Bookish Question of the Week

rp_Quoftheweek1-300x30011-300x30011.pngProse, plot, characters, setting, pacing, dialogue, hooks, tension, conflict, surprises, twists and turns, factual accuracy, and the list goes on! All these things contribute to a story coming alive and¬†engaging the reader. For me, out of all those things, it is the characters that make or break a story. If I connect emotionally with a character, then I’m likely to enjoy the story whether it be the perfectly written tale or not. Of course, there is a baseline quality of the other elements that need to be present but I love a character driven story and my engagement with them will often be why I love a novel or not. How about you?

What makes or breaks a story for you?

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10 Responses to Bookish Question of the Week

  1. Hmmm, for me, it’s a few things. MOSTLY I will drop kick a book if the author kills off a main character at the end.
    Cultural and factual accuracy.
    Lack of spark between MC’s.
    Lack of either chain mail, or combat boots. ūüėČ

  2. Jennifer & Rel – – ya’ll crack me up!!! But yes, I have to agree….. if the opening line is “a man with a moat” – – then I’m all in. So ANYTHING medieval gets my attention. And I have read more medieval based novels than McDonald’s has happy meals and I’ve always either immensely enjoyed them or at least smiled – – – until a novel I just finished 2 days ago. And I found about half way through that I was not enjoying the story – I wasn’t even liking it – and I made myself finish it just because I had to and then felt like it was a total waste of time. And I had to figure out why???????? There was a handsome knight, a lovely lady, a villian, ya-da, ya-da, ya-da . . . . So what was wrong???? And your blog finally made the bells go off – – – the characters were flat, one-dimensional, BORING!!!!! There was a plot, a beginning, middle and end – and even a “happily ever-after” ending – – but there was NO depth to these characters. I couldn’t connect with them – NONE!!! And I’m a push over for a medieval setting, so there was something bad wrong here. So…. I now know – thank you Rel – – I’m a character driven reader!!! I’ll still take the chain-mail and a moat – – but come on – – give the guy some personality – please!!!!!!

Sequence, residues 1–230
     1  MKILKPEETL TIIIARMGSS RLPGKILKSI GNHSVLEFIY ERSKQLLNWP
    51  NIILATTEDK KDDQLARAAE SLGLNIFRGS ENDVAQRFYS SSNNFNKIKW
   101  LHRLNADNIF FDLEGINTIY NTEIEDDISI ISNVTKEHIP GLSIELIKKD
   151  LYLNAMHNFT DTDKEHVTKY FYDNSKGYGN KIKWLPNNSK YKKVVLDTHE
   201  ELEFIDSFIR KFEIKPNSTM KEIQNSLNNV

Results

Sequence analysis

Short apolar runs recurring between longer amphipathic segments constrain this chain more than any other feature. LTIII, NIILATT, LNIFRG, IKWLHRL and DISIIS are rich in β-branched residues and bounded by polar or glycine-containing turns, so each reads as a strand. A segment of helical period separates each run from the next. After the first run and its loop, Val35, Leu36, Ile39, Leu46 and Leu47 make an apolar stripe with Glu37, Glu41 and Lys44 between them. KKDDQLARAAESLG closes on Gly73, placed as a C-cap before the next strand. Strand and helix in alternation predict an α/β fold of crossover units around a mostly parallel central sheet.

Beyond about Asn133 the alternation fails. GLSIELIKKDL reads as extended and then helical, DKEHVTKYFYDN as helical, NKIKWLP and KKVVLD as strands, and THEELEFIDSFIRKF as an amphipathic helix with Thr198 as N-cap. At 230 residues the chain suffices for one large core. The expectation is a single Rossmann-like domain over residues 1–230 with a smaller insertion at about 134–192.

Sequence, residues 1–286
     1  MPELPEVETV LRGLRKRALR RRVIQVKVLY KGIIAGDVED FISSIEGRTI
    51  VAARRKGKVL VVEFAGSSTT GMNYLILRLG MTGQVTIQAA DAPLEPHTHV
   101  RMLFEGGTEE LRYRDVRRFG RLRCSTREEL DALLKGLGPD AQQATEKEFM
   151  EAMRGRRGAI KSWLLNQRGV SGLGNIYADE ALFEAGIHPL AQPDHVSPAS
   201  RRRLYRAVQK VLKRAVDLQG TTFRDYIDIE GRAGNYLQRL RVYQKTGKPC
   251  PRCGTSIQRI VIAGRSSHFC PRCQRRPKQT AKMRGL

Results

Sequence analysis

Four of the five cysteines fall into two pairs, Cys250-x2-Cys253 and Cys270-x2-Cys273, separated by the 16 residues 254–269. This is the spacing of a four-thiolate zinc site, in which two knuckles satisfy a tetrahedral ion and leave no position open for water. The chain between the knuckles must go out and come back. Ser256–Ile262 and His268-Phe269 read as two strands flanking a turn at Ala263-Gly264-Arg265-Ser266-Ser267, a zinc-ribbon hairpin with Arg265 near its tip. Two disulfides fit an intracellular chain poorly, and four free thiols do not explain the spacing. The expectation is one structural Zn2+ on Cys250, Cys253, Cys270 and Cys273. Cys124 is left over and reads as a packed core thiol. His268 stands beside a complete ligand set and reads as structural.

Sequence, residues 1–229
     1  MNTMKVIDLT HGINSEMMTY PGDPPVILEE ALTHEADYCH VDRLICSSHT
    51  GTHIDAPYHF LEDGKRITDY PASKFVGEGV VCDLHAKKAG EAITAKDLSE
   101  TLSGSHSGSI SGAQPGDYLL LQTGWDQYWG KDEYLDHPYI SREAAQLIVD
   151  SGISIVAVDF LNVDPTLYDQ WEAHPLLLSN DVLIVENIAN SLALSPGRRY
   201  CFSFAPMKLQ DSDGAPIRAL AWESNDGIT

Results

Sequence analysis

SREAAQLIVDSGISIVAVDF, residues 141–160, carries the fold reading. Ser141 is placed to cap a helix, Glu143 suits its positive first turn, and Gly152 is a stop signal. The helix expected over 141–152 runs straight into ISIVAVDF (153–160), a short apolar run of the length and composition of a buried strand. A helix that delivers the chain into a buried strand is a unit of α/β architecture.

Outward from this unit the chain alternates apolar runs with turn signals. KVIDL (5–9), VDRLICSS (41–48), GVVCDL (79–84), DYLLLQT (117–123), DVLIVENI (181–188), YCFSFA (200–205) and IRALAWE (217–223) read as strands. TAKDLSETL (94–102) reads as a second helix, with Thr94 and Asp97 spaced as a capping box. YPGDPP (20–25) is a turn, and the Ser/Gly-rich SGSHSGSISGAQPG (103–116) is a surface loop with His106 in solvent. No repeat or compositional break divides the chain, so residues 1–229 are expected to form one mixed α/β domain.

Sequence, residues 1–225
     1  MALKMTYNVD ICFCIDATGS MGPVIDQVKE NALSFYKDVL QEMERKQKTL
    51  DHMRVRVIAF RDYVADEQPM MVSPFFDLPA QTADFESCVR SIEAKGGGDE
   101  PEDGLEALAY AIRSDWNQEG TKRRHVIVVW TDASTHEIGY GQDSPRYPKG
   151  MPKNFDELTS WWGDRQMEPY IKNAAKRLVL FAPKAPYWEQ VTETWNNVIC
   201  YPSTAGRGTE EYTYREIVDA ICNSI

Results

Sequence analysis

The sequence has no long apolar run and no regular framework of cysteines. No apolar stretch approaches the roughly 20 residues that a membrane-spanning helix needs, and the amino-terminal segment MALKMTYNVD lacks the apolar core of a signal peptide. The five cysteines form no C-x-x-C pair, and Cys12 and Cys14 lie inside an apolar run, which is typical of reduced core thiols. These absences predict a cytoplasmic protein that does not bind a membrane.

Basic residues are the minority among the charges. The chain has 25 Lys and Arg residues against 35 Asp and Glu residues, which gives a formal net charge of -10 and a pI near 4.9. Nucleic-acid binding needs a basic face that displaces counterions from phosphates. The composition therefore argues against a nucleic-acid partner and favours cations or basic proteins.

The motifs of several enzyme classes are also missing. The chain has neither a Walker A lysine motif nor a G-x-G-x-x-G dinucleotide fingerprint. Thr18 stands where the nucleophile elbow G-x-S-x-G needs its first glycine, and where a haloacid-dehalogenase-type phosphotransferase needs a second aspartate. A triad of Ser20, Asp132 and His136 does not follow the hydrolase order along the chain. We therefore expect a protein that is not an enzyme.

3. Chain mail … am I missing something?

    Seriously, a story is made by fantastic and likeable characters, and a plausible plot. Well, at least one that sounds plausible.

    Dislikes? I’m another one who gets irritated by factual inaccuracy. It’s the fastest way get me to show my reviewing claws.

  4. Believability! I recently read a novel (to be unnamed) set in WWII where I found the degree of kindness given to a Jew by a Nazi to be difficult to believe. While I am sure there were some kind Nazis, it was the degree of it that left me thinking this isn’t believable. I did enjoy the novel and gave it a four star, but that took away from it.

    On the flip side, you’d think I would have had a hard time with time travel in Lynne Gentry’s series, however, she makes me believe it. I get so drawn in to the story that I don’t even question is it possible.

  5. I’m pretty much the same as you Rel. If I like a character, much can be forgiven if I don’t care for other elements about the story. That being said, yes, ideally I do like to find some combination (characters + a good plot or pacing or setting) to come together and create brilliance. But characters are essential. If I like them, then there’s a high chance the rest of the story will “work.” :)

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